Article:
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Industrial Sewing Machine Versus Domestic Sewing Machine For Clothing Alterations

Let me tell you a story. When I opened my first clothing alteration shop, I started out with a borrowed over locker from my sister in law, and my very old mini Elna sewing machine. I remember an Asian gentlemen walking up to the door of my shop and saying to me “You can’t do clothing alterations on that machine! You need an industrial sewing machine!” As the business grew, I got more domestic machines, and when I opened my second shop, I put domestic machines in. I did buy a semi industrial blind hemming machine, but I can tell you we had an exceptional reputation for superior workmanship. We had customers coming to us from the other side of Sydney. So I had domestic sewing machines in all my shops, except one. That one I put 2 industrials in but the shop was sold soon after to people who believed in industrial sewing machines.

My favorite domestic sewing machine is the Janome My Excel which isn’t expensive and does everything that I need to produce high quality clothing alterations.

Industrial sewing machines were designed for factory work. In particular piece work. The machines were in rows and the seamstresses using were sewing just one particular part of a garment, and another person was sewing another part of the garment. They are very fast, so for piece work they are excellent. I actually find them too fast. Let me explain. If I am re stitching the facing back on to a gown after I have taken the straps up, I am only sewing a section of say 2” or 5 cm. With my domestic machine I lock off at the beginning, sew the seam and lock off at the end. With an industrial machine, you have to slow it down because it would sew too fast, and you wouldn’t get the machine sewing into the seams as you need to.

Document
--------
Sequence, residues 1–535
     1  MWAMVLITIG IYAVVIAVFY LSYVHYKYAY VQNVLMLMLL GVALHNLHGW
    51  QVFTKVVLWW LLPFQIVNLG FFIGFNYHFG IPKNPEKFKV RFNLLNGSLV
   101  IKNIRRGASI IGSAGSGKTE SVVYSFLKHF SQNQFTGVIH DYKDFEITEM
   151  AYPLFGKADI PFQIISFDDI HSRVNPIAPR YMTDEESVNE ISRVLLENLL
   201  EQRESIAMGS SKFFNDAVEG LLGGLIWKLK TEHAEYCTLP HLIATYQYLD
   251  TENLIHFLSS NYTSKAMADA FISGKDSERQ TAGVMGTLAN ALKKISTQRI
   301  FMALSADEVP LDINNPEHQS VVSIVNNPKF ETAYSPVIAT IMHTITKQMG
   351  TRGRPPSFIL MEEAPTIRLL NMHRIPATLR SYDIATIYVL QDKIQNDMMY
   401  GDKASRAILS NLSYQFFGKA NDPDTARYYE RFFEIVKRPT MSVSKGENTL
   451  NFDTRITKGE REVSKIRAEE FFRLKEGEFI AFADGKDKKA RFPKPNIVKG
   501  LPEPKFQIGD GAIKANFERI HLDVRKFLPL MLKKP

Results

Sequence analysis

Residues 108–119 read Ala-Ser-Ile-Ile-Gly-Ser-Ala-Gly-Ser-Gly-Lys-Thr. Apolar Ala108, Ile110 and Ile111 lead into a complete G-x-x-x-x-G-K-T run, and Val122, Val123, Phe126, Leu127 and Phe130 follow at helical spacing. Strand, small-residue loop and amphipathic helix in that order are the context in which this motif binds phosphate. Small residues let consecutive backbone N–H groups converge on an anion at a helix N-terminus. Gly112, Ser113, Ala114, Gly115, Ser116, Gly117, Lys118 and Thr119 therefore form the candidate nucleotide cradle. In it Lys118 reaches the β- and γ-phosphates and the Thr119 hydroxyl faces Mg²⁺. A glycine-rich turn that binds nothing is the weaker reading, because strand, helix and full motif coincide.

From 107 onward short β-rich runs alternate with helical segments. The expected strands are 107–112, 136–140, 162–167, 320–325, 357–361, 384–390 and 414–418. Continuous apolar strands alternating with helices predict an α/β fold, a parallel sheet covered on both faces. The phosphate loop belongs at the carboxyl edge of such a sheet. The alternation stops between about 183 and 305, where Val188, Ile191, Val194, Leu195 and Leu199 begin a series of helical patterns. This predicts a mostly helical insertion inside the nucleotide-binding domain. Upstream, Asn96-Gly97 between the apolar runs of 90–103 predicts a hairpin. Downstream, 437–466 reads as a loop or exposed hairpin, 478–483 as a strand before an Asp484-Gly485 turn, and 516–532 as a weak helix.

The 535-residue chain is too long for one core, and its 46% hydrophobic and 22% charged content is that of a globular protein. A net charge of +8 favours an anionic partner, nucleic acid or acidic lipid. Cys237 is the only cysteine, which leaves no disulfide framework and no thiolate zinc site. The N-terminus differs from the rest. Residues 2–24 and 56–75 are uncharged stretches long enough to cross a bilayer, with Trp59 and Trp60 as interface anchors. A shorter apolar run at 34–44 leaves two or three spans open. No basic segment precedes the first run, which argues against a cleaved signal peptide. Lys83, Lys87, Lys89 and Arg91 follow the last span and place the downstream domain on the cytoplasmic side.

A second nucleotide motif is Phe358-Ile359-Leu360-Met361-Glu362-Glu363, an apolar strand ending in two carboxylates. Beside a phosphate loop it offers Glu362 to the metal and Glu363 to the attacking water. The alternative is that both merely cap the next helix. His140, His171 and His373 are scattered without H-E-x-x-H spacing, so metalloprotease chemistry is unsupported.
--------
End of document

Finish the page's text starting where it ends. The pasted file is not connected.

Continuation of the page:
People who use industrial machines, and have worked out how to stitch in this way I admire. My hat goes off to you. Personally I could never control the monster.

The other reason I like domestic machines is the fact that they can do zig zag and many other types of stitches. Most industrial machines can only sew straight stitch. You can get industrials machines that do other stitching, but why have so many machines when you can have one.

Yet another reason is the fact that the domestic sewing machine has an arm on it for sewing sleeves and hems with ease. The industrial machine has a flat surface to work on. This means you have to try and lay the fabric as flat as possible to sew correctly.

With the domestic machine you can slip the hem over the arm of the machine and stitch around with ease.

All my step by step manuals will be on how to do clothing alterations on your domestic sewing machine. I will also go through what you need to perform an alteration with the same workmanship that I performed in my shops.

Submitted by:

Judith Turner

This article is written by Judith Turner, founder of GenieCentre.Com. Judith Turner has spent the last 9 years developing a professional clothing alteration system. She is also the Author of The Art of Pinning. Now, she’s developing self teach alteration manuals for anyone with a domestic sewing machine.

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